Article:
variable of the base type T. This assigmant involves the field
x  and  y  only,  and  in fact constitutes a projection of the
value onto space spanned by the base type.

     It  is important that an extended type may be declared in
a module that imports the base type. In fact, this is probably
the normal case.

     This concept of extensible data type gain importance when
extended  to pointers. It is appropriate to say that a pointer
type P' bound to T' extends a pointer type P, if P is bound to
a base type T of T', and to extend the assigmant rule to cover
this  case.  It is now possible to form structures whose nodes
are  of  different  types, i.e. inhomogenious data structures.
The inhomogeneity is automatically (and most sensibly) bounded
by  the  fact  that  the nodes are linked by the pointers of a
common base ype.

     Typically,  the pointer fields establishing the structure
are   contained  in  the  base  type  T,  and  the  procedures
manipulating  the  structure  are  defined  in the same (base)
module  as  T. Individual extensions (variants) are defined in
client  modules together with procedures operating on nodes of
the  extended type. This scheme is in full accordance with the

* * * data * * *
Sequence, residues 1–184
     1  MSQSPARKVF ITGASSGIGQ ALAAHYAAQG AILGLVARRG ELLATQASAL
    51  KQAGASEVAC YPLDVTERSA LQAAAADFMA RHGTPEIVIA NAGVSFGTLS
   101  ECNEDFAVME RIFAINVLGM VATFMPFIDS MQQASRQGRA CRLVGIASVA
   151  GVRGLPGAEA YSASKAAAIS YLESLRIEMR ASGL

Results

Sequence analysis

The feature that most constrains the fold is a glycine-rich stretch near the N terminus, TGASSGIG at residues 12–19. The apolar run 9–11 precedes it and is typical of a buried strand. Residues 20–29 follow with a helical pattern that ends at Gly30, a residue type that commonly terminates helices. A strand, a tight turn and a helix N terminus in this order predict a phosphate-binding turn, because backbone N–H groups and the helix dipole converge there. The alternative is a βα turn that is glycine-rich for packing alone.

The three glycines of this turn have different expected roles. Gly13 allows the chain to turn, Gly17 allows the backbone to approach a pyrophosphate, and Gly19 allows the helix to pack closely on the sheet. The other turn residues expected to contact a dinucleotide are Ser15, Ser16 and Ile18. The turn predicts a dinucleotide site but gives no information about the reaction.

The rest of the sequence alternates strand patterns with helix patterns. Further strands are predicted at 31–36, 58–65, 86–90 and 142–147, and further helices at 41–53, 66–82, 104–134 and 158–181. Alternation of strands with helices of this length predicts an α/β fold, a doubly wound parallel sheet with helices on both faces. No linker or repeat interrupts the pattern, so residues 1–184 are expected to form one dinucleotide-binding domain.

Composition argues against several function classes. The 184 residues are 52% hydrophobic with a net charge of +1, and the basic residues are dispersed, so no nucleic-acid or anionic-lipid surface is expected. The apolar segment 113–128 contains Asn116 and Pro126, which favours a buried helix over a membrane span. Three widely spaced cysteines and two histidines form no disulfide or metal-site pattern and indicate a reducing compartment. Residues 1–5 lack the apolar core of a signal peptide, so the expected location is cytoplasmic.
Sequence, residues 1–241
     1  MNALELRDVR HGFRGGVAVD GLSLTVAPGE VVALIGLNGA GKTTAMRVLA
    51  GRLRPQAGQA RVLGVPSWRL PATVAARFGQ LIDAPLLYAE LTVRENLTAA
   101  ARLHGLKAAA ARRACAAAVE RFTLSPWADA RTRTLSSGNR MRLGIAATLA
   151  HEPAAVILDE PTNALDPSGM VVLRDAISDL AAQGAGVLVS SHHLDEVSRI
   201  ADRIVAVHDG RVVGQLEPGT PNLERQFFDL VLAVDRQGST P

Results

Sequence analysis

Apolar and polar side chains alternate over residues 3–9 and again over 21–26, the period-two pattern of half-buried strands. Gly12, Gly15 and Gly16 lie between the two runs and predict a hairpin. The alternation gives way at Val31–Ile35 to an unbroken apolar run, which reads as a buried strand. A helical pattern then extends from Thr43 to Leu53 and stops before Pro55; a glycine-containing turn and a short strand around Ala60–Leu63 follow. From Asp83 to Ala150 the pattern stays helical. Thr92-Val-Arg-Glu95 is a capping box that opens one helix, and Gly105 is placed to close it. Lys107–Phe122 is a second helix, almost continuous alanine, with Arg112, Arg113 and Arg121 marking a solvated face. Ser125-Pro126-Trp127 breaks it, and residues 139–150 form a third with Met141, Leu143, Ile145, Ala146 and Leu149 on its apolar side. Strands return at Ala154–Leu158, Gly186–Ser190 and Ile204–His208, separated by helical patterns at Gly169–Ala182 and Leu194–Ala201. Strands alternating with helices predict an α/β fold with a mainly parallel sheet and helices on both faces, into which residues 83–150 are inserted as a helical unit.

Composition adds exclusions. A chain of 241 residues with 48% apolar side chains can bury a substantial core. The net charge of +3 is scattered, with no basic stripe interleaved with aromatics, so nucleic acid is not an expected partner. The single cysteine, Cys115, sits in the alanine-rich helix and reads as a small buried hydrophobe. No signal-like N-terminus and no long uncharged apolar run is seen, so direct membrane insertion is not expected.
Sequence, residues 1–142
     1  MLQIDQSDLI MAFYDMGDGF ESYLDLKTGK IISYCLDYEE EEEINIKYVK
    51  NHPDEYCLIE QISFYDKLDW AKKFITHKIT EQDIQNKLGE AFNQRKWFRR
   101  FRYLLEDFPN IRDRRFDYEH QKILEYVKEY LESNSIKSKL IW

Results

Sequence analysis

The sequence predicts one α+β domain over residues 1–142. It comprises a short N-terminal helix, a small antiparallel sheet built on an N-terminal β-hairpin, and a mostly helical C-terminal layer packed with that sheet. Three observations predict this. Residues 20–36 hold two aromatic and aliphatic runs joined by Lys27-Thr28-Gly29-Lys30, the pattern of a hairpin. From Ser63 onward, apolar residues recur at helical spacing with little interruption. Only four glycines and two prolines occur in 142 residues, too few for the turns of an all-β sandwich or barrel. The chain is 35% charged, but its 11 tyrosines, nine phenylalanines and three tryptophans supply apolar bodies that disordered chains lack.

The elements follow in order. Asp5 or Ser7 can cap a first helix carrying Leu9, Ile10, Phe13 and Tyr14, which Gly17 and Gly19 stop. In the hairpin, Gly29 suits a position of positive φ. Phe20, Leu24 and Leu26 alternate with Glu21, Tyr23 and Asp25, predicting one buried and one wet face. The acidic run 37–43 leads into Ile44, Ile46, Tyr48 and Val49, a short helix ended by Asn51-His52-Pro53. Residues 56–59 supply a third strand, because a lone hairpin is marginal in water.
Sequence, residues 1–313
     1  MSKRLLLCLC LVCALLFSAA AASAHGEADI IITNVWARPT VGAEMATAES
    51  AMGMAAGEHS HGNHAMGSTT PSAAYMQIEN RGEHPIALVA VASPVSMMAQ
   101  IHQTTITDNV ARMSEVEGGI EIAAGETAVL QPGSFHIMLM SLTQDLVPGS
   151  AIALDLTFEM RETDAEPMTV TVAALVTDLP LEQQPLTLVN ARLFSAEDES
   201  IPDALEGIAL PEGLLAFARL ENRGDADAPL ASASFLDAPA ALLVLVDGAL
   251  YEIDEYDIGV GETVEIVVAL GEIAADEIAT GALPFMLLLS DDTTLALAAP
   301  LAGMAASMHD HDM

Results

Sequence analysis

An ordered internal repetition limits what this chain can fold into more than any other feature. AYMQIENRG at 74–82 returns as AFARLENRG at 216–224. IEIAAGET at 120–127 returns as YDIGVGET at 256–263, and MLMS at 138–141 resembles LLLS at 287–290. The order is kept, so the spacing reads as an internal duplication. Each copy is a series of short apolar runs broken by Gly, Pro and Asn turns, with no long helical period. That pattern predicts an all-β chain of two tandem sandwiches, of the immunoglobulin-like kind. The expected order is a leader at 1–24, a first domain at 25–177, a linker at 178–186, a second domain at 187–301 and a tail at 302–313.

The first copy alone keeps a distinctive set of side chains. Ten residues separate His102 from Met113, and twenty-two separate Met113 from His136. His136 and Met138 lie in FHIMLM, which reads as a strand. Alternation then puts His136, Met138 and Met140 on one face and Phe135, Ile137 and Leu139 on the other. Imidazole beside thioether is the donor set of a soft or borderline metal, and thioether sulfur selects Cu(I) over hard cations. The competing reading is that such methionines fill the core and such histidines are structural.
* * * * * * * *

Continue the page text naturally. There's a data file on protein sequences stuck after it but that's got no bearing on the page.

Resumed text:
notion  of  system  extensibility:  new  modules  defining new
extensions may be added to a system without requiring a change
of the base modules, not even their recompilation.

     As  access  to  an individual node via pointer bound to a
base  type  provides a projected view of the node data only, a
facility  to  widen  the  view is nessasary. It depends on the
possibility  to  determine  the  actual type of the referenced
node. This is achieved by a type test, a Boolean expression in
the form

t IS T' (or p IS P')

     If  the  test  is  affirmative, an assigment t':=t (t' of
type  T')  or  p':=p  (p'  of type P') should be possible. The
static  view of types, however, prohibits this. Note that both
assigments  violate  the  rule of assigment compatibility. The
desired statment is made possible by providing a type guard in
the form

t':=t(T)    (p':=p(P))

     and  by  the  same token access to the field z of T0 (see
previous  example)  is  made  possible  by a type guard in the
designator   t(T0).z.   Here  the  guard  asserts  that  t  is
(currently) of type T0.

     The  declaration of extended record types, the type test,
and   the   type  guard  are  the  only  additional  feartures
introduced  in  this  context.  A more extensive discussion is